Radio brings games to life in special way
By By Austin Bishop / EMG sports director
Aug. 22, 2003
Flipping through piles of freshly flung files on a Friday while wondering whatever happened to Tommy Herr …
Growing up in a rural part of a rural state in a day-and-time when every sports event known to man was not televised worldwide by satellite, my radio became my friend.
I went to sleep many a night in the early '70s listening to Milo Hamilton call the Atlanta Braves game or Jack Buck telling me about the latest great play of the St. Louis Cardinals.
I was also a newspaper junkie. OK, I still am. When my relatives go off on vacation they don't bring me back coffee cups, T-shirts, spoons or thimbles. I get newspapers.
Why? Because that's what I ask for. I'm addicted. I guess ink really does get in your blood.
I became hooked on sports a little late in life. The exact moment came as I sat on a stool in an auto parts store in the Winston County city of Louisville, waiting for my father to finish gathering all of the goodies he was collecting that day.
I watched parts of the first game of the 1969 World Series between the Baltimore Orioles and the New York Mets. The next day, I watched probably a half-inning of game two of the series. I thought it was a re-run. I really did. I was 11 years old, had never watched a complete sports event (including the T-ball games I played in as a 6-year-old) in my life and was clueless.
Then something happened. On Tuesday of the following week, I was sick and had to stay at home. I really was sick. No lie.
That afternoon as I flipped around the channels back then we had just three and one of them was PBS (to be honest, I'm still a little fond of Big Bird) I came across game three of the World Series. In the late '60s and early '70s all of the World Series games were played during the daytime.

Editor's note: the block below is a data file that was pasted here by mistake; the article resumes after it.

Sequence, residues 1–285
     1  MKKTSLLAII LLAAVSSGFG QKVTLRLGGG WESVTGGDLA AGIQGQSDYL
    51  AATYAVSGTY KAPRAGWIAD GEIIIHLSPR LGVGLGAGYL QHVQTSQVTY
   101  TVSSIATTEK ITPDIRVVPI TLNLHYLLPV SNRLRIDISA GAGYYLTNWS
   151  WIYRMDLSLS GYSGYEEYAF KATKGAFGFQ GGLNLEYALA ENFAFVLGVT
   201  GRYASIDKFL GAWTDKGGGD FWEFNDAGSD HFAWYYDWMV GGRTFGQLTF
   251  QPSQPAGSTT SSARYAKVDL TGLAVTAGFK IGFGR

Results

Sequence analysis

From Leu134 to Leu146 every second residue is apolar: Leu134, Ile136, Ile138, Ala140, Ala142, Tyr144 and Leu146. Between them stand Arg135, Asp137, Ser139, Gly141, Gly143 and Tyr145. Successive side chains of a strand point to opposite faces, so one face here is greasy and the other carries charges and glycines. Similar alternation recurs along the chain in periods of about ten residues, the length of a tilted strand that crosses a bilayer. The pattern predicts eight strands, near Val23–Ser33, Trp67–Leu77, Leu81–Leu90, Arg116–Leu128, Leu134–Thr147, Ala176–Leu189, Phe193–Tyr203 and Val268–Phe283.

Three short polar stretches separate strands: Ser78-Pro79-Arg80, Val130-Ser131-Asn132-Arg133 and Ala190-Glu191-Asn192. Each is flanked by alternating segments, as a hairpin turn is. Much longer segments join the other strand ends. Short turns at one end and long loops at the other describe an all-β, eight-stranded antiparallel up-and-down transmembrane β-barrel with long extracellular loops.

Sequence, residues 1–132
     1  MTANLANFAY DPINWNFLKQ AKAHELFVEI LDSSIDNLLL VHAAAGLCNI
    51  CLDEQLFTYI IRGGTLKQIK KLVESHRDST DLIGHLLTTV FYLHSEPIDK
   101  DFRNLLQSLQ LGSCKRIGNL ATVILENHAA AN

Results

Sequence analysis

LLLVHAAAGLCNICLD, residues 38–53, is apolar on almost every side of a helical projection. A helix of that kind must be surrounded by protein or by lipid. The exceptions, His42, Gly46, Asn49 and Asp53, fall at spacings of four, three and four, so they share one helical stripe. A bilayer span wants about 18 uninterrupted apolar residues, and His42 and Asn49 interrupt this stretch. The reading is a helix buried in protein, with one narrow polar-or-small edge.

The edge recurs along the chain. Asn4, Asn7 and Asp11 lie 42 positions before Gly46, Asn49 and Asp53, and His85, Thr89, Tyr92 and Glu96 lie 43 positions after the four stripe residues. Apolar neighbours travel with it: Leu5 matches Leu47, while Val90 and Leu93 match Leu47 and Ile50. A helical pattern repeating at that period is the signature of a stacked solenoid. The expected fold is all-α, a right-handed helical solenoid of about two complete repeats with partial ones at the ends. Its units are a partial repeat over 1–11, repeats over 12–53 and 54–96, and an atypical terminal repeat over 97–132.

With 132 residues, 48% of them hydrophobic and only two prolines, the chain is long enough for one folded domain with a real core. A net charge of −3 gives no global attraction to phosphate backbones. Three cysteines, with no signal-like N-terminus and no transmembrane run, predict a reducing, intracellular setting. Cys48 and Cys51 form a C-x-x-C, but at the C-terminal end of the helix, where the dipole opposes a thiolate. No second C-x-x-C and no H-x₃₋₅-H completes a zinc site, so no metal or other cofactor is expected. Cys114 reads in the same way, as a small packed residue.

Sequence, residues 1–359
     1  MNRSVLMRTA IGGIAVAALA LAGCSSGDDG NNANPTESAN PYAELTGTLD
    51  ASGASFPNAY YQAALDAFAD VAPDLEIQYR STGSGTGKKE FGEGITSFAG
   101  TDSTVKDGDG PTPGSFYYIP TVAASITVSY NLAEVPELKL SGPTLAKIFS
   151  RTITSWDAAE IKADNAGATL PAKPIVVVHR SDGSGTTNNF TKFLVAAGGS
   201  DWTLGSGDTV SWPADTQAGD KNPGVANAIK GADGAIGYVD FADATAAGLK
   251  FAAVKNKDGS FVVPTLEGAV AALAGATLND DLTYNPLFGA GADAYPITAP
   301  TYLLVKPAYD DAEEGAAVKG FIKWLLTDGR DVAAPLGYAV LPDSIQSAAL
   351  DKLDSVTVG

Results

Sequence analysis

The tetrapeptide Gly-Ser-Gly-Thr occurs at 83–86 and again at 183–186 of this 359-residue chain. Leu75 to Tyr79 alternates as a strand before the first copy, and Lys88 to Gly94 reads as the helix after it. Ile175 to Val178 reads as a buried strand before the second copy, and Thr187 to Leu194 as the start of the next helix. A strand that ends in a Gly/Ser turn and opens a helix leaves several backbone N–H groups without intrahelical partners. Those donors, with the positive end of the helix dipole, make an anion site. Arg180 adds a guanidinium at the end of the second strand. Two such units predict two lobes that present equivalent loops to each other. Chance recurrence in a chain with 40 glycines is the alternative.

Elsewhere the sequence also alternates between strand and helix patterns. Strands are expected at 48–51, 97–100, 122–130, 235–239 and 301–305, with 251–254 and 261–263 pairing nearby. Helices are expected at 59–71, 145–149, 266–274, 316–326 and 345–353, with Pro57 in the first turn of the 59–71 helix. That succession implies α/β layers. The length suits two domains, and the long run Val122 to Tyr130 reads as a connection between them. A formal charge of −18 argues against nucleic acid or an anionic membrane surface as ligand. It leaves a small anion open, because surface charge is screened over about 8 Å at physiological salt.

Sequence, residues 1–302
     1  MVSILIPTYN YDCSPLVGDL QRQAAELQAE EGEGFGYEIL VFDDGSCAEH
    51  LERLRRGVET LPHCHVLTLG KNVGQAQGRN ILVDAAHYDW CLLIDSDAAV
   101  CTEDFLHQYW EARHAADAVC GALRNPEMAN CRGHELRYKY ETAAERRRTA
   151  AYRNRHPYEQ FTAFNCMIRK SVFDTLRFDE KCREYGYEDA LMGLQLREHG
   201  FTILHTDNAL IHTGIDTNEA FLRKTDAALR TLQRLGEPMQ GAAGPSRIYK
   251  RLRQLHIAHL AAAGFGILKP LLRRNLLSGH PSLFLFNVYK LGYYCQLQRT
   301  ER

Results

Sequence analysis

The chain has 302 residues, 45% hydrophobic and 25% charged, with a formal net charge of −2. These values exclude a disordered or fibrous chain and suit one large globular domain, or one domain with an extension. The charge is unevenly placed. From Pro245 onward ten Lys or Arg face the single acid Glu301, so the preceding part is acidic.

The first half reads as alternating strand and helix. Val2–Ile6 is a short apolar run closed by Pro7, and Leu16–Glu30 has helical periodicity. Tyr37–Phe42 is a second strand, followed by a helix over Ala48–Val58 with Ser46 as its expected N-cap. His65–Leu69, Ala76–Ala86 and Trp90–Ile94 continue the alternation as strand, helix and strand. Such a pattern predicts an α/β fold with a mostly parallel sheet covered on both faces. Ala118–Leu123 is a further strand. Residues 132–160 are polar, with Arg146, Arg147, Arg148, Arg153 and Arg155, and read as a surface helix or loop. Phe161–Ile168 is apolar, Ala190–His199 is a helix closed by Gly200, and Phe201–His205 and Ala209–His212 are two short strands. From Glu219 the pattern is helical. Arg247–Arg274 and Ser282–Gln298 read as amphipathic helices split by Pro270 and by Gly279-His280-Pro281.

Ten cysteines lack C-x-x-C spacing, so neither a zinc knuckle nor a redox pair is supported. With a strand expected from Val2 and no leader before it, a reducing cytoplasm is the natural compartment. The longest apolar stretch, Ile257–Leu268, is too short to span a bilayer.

Maybe because of boredom and maybe because of curiosity, and maybe because I just had three channels and had already memorized the Sesame Street episode currently airing and could recite it by heart, I decided to watch the game.
The world has never been the same. At least not mine.
Almost instantaneously I became a sports fan.
The next day I mysteriously came down with what I later found out was called by baseball fans and school teachers alike as "October Flu."
I really think they finally moved the games to night, not just to make a bazillion bucks from advertising, but to improve school attendance during the first couple weeks of October.
Today I watch my share of sports on television and certainly read every newspaper I can get my hands on (this includes front pages and editorial pages, but don't tell anybody it might hurt my image).
But radio will always have a special place in my life. It was my friend.
As I got older, I found out that our local radio station (WLSM in Louisville) carried high school football games. I never missed a snap, even when the Wildcats were thumping some poor Choctaw Conference foe by 40 or 50 points. I even wrote down the scoring plays.
I dreamed of having my name called out on the radio by one of the announcers, whom I thought of as sports heroes and legends. Little did I know that one day I would actually call the play-by-play for football games, as well as baseball, basketball and even soccer.
When I travel the roads on a Friday night or Saturday during football season, or just about any day during basketball and baseball, I constantly scan the radio dial, listening for anything that even slightly resembles a play-by-play call.
Picking up voices through the static down is an art form with me. My wife and boys call it an obsession. Oh well, you just have to forgive them for their lack of understanding.
If you scan your radio dial on Friday nights this season, perhaps you will find a few broadcasts that will challenge you to use your imagination as you "watch" the game from behind your steering wheel or from your favorite easy-chair.
To me, local sports belongs on radio. But remember, I come from a different time.